The minor leagues would lose around 42 affiliations. graphic by Emma Palmer

MLB to phase out 25 percent of the minors

Sports journalist Zach Short reports on the upcoming tentative changes to the relationship between the major and minor baseball leagues.

The winds of change are blowing for baseball in America. A new deal between the MLB and the MiLB is due by the end of the 2020 season, and the changes proposed thus far would drastically alter how the minor league system works. The problems being addressed are that many minor league affiliates use embarrassingly bad facilities, and that bigger major league clubs can afford to control a plethora of minor league affiliates to keep tabs on a whole slew of young prospects, whereas smaller teams don’t get as many affiliates nor do they own as many. For example, the Yankees have nine minor league affiliates, six of which are owned directly by the Yankees and three that are independently owned. Alternatively, the White Sox have seven minor league affiliates, two that are owned by the major league club and five that are independently managed. With two more teams, and 35 players on each minor league roster, the Yankees could manage an extra 70 players.

The new plan intends to address these problems directly, albeit with some radical changes. The main change would be to outright eliminate the presence of roughly a quarter of the minor league teams.

These teams could, if they so desired, create independent leagues and continue playing in their own right, but would no longer be directly affiliated with the major league system. They would select the teams with the best facilities to remain as part of the deal, somewhat raising the overall level of quality without doing much renovation, if any renovation at all. While the plan seems rather harsh, it may actually be a necessary task to undertake. At present, there are MiLB owners who are unhappy with their facilities and MLB partners who are unhappy to be associated with such, hence the Yankees’ direct acquisitions of most of their affiliates.

The other change would be the reorganization of the placement of the remaining teams. There would be a set amount of minor league teams allowed for any major league club and all leagues would be drastically reorganized to make the competing teams closer geographically. With every team being forced to the same number of minor league affiliates, the disparity between organizations like the Yankees and the White Sox would shrink, with the Yankees having to cut down greatly on how many players they actually have recruited at the minor league level. This restructuring would keep the different levels mostly intact, and there would be no new graduate level “super” league, but some teams would be moved from one level to another, with some teams moving from High-A baseball to Triple-A and vice-versa. The only leagues who might change so much as to be perhaps unrecognizable would be the leagues below High-A who function very differently than the upper levels already.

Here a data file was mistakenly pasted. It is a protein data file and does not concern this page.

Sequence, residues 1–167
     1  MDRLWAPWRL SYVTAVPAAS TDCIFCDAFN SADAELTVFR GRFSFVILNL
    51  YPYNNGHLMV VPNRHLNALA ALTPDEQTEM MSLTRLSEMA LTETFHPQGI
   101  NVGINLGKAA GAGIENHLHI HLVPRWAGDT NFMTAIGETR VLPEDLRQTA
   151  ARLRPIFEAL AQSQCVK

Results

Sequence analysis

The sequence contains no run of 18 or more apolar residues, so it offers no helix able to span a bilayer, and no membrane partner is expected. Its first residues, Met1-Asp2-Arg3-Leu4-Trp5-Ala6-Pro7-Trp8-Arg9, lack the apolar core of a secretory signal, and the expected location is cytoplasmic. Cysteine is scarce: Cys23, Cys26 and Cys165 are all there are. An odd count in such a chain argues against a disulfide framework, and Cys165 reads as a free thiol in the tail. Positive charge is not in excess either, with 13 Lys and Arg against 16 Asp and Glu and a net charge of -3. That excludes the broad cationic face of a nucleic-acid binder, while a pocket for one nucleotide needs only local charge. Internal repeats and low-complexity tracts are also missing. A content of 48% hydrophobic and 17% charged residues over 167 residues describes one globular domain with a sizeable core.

While the changes may seem to be extremely drastic, the change could potentially go unnoticed. A big concern for TU students might be how Double-A affiliates would be affected. There is, of course, the Texas league in Double-A that houses teams from many of the places university students come from, with four teams from Texas, two from Arkansas, one from southwest Missouri, and one from Tulsa itself, the Drillers. Fortunately, this league stands a chance of being almost entirely untouched. The Texas league is already located in a relatively compact area, has reasonable facilities, and is Double-A. The proposed changes seem aimed mostly at defining the lower level teams, so the Texas league, which actually functions pretty smoothly, is likely the least of the MLB and MiLB’s concerns. Tulsa fans, your Drillers should be okay.

Post Author: Zach Short